CP asked Klavan how important he thinks experiencing God is in light of how contemporary culture values thinking over feeling, particularly the reasoning that what we think is objectively true and the things we experience are subjective and therefore invalid.
Among other things, Klavan noted, the subjective experience of falling in love with his wife over the course of many decades was an epiphany of sorts; love showed him that if just because something might be subjective it does not mean it is not real.
"That led me to start to think 'Now, wait a minute, maybe if you can be deceived in your subjective perceptions, then maybe you can be right in your subjective perceptions," Klavan said.
Along the way, Klavan's rejection of atheism was in part because he found important truths in places many devout Christians rarely look. Klavan told The Christian Post that one of the most important engagements he had with a work of art was with French author and philosopher Marquis de Sade.
"De Sade wrote some of the most sadistic pornography — some of the most disgusting stuff I ever read — and his books are laced with atheistic philosophy. And when I read that atheist philosophy and I saw that pornography that accompanied it, I said to myself, 'That is honest atheism. That is only true, truly reasoned atheism I ever saw, that if you wanted to be an atheist, this was the logic of it and it turned me away.' I turned my back and walked away from it."
"So here's this ugly guy but writing brilliant art, brilliant psychopathic art, that contained a truth that I needed to find," he continued.
CP asked Klavan what Christians might do to be more thoughtful as they engage the intellectuals and the broader culture.
"The one thing I would love to see Christians do, is to stop leaping to condemn art that doesn't immediately echo their deeply held beliefs. Because I truly believe that all great art is speaking truth. God is god of the real world, he's not God of fantasy land. When you shut people off from the ugliness of life, from the physicality of life and the passion and the lust that are in the Bible and in the arts, you shut people off from the real God," he said.
"I think that the arts are one of the ways that human beings relate their inner experience to one another. And I think in that inner experience is where we are going to find our faith and find our God. So learn how to read the arts, learn how to read something that repels you, it actually may have a truth inside that people need to know."
When asked what he would most like readers to take away from his memoir, Klavan reiterated the importance to examining the evidence for faith for oneself, against the fierce cultural tide of unbelief.
"You have to step out of that current, as hard as it is, and see the world fresh and start to find the truth from there," Klavan said. "Because as the X-files always told us, the truth is out there. And it really is staring you in the face, and it really is speaking to you, singing to you, virtually, from every corner of the world."...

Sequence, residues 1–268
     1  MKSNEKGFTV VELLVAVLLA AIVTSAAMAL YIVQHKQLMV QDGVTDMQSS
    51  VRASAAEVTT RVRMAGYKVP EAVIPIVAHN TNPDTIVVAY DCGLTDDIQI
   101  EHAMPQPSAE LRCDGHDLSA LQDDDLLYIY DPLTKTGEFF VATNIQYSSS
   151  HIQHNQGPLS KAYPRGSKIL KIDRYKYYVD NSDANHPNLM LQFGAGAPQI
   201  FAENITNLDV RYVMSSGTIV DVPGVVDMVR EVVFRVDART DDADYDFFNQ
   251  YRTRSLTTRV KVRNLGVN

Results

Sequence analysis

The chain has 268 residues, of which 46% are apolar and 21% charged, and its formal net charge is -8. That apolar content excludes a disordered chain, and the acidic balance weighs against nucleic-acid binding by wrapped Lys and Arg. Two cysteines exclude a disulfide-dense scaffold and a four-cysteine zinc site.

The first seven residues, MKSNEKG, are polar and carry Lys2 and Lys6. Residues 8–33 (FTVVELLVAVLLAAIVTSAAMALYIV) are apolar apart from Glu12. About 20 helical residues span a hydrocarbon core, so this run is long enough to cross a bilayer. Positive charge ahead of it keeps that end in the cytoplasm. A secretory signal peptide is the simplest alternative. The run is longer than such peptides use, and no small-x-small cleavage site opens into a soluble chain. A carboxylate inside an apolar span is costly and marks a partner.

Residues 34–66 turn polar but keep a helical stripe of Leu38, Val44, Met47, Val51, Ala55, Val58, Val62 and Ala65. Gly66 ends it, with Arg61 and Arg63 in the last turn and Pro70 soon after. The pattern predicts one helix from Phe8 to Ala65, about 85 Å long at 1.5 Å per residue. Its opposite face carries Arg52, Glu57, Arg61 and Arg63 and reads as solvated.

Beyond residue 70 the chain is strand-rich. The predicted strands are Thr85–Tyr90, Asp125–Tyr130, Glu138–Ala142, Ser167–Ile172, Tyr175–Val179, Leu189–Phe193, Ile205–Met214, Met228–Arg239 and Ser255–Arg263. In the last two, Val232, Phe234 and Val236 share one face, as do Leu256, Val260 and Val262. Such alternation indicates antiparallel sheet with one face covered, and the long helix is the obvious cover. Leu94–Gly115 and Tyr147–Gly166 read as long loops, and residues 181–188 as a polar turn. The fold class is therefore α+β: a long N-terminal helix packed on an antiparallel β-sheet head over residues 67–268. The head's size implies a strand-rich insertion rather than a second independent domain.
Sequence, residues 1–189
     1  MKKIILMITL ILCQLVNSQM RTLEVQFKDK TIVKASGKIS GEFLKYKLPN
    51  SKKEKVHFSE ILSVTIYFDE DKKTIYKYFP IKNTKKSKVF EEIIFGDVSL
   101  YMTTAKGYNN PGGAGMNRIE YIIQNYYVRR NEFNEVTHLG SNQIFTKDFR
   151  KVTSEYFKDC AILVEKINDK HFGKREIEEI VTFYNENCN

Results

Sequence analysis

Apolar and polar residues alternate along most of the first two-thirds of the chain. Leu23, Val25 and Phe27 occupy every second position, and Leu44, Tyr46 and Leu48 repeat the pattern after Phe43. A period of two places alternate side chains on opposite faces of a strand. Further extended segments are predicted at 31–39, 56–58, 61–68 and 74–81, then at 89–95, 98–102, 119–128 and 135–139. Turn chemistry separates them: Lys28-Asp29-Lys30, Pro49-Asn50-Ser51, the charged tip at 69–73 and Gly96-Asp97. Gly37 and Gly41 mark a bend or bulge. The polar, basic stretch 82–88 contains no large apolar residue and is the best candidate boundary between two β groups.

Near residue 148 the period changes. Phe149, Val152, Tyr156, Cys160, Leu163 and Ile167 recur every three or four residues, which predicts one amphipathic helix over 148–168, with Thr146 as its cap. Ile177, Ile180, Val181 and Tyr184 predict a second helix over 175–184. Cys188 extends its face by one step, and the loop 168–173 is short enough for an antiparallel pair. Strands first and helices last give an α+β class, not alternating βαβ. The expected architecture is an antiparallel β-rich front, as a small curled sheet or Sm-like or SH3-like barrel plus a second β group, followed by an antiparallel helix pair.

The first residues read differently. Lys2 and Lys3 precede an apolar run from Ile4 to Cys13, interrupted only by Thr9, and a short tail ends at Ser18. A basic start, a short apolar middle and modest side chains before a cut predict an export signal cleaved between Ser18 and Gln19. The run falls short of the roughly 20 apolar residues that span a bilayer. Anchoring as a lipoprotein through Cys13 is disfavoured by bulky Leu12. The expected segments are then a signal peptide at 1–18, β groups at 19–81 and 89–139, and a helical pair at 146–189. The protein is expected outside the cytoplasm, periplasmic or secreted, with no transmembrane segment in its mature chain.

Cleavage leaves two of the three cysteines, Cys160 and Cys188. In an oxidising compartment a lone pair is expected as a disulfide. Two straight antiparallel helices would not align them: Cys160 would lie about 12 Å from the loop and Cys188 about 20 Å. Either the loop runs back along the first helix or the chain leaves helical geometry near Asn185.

Edgar Award-winner and New York Times bestselling novelist tells of his improbable conversion from agnostic Jewish-intellectual to baptized Christian and of the books that led him there.
“Had I stumbled on the hallelujah truth, or just gone mad—or, that is, had I gone mad again?”
No one was more surprised than Andrew Klavan when, at the age of fifty, he found himself about to be baptized. Best known for his hard-boiled, white-knuckle thrillers and for the movies made from them—among them True Crime (directed by Clint Eastwood) and Don’t Say a Word (starring Michael Douglas)—Klavan was born in a suburban Jewish enclave outside New York City. He left the faith of his childhood behind to live most of his life as an agnostic in the secular, sophisticated atmosphere of New York, London, and Los Angeles. But his lifelong quest for truth—in his life and in his work—was leading him to a place he never expected.
In The Great Good Thing, Klavan tells how his troubled childhood caused him to live inside the stories in his head and grow up to become an alienated young writer whose disconnection and rage devolved into depression and suicidal breakdown. But he also stumbled into a genuine romance, a passionate and committed marriage whose uncommon and enduring devotion convinced him of the reality of love.
In those years, Klavan fought to ignore the insistent call of God, a call glimpsed in a childhood Christmas at the home of a beloved babysitter, in a transcendent moment at his daughter’s birth, and in a snippet of a baseball game broadcast that moved him from the brink of suicide. But more than anything, the call of God existed in stories—the stories Klavan loved to read and the stories he loved to write.
The Great Good Thing is the dramatic, soul-searching story of a man born into an age of disbelief who had to abandon everything he thought he knew in order to find his way to the truth.